4-H connects youth to hands-on learning opportunities that help them grow into competent, caring, contributing members of society.
4-H, the nation’s largest youth development organization, grows confident young people who are empowered for life today and prepared for career tomorrow. 4-H programs empower nearly six million young people across the U.S. through experiences that develop critical life skills. 4-H is the youth development program of our nation’s Cooperative Extension System and USDA, and serves every county and parish in the U.S. through a network of 110 public universities and more than 3000 local Extension offices. Globally, 4-H collaborates with independent programs to empower one million youth in 50 countries. The research-backed 4-H experience grows young people who are four times more likely to contribute to their communities; two times more likely to make healthier choices; two times more likely to be civically active; and two times more likely to participate in STEM programs.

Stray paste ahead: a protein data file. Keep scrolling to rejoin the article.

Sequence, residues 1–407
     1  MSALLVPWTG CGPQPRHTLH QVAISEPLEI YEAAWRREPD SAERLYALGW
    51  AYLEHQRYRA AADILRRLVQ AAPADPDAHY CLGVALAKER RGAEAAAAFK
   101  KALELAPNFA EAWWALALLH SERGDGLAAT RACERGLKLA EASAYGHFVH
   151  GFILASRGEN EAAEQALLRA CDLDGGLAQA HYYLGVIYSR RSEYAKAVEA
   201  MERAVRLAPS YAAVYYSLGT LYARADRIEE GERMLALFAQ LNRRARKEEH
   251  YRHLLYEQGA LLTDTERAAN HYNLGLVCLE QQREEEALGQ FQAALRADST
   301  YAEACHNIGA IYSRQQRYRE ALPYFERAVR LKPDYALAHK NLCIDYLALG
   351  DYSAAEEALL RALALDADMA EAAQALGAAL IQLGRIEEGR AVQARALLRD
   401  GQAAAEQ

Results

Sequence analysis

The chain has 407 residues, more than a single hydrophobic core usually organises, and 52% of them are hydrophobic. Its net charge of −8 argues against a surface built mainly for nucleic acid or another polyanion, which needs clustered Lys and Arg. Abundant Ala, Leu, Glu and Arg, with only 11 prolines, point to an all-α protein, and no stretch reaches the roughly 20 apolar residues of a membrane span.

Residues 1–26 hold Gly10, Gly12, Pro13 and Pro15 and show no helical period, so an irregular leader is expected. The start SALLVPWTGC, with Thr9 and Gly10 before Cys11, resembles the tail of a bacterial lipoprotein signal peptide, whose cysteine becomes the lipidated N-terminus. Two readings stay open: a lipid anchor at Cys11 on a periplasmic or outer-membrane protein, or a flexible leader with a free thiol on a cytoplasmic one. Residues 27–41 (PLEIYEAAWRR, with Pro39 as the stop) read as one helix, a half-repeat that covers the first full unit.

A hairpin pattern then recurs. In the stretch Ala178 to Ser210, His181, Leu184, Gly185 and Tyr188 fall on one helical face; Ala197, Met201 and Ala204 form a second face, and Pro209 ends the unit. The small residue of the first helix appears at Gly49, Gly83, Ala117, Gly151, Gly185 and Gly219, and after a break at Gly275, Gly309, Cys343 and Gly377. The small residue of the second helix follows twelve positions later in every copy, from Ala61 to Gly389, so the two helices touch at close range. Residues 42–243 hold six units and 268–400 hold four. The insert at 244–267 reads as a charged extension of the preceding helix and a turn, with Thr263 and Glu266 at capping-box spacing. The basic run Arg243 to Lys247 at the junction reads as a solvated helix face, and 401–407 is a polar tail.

Learn more about 4-H at www.4-H.org, find us on Facebook at www.facebook.com/4-H and on Twitter at https://twitter.com/4H. Want to join a club? Register your interest here so that we can match you with a club.
Where do 4-H clubs meet?
Any place large enough that is convenient for members of the group. Clubs meet in leaders’ or members’ homes or in central places such as schools, CCE Education Center, churches, libraries or community rooms.
4-H clubs usually do four general things: project work, business meeting, recreation or social activities and special interest programs.
Meetings are determined by the club members and the leaders. Generally clubs will have business meetings once a month and project or activity meetings more often. Some clubs meet every other week or once monthly. Some clubs meet throughout the year; others meet for only part of the year.
Business meetings are run according to Parliamentary procedure. This offers the young 4-Hers a good foundation in participating and running meeting. Recreation and refreshments make meetings fun.
4-H clubs may have officers. The 4-H office provides helpful materials for presidents, vice-presidents, secretaries, treasurers, news reporters, recreation leaders, and historians. It is a good idea to wait until the second or third meeting to elect officers, after members have gotten to know one another.
Last updated March 8, 2019